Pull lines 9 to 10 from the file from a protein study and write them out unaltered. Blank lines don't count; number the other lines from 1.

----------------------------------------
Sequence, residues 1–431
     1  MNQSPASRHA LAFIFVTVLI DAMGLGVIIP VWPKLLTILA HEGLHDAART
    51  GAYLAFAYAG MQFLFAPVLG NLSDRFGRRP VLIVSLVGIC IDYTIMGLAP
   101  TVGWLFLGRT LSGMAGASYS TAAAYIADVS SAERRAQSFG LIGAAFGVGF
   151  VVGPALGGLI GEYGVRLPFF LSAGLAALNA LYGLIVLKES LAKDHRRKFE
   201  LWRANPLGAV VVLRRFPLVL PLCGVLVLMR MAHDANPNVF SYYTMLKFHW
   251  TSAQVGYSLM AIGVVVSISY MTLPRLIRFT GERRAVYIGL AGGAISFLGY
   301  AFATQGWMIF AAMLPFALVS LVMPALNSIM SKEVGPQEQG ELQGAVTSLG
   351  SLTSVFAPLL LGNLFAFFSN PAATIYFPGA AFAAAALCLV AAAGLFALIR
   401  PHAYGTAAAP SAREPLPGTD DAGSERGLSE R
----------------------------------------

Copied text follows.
   351  SLTSVFAPLL LGNLFAFFSN PAATIYFPGA AFAAAALCLV AAAGLFALIR
   401  PHAYGTAAAP SAREPLPGTD DAGSERGLSE R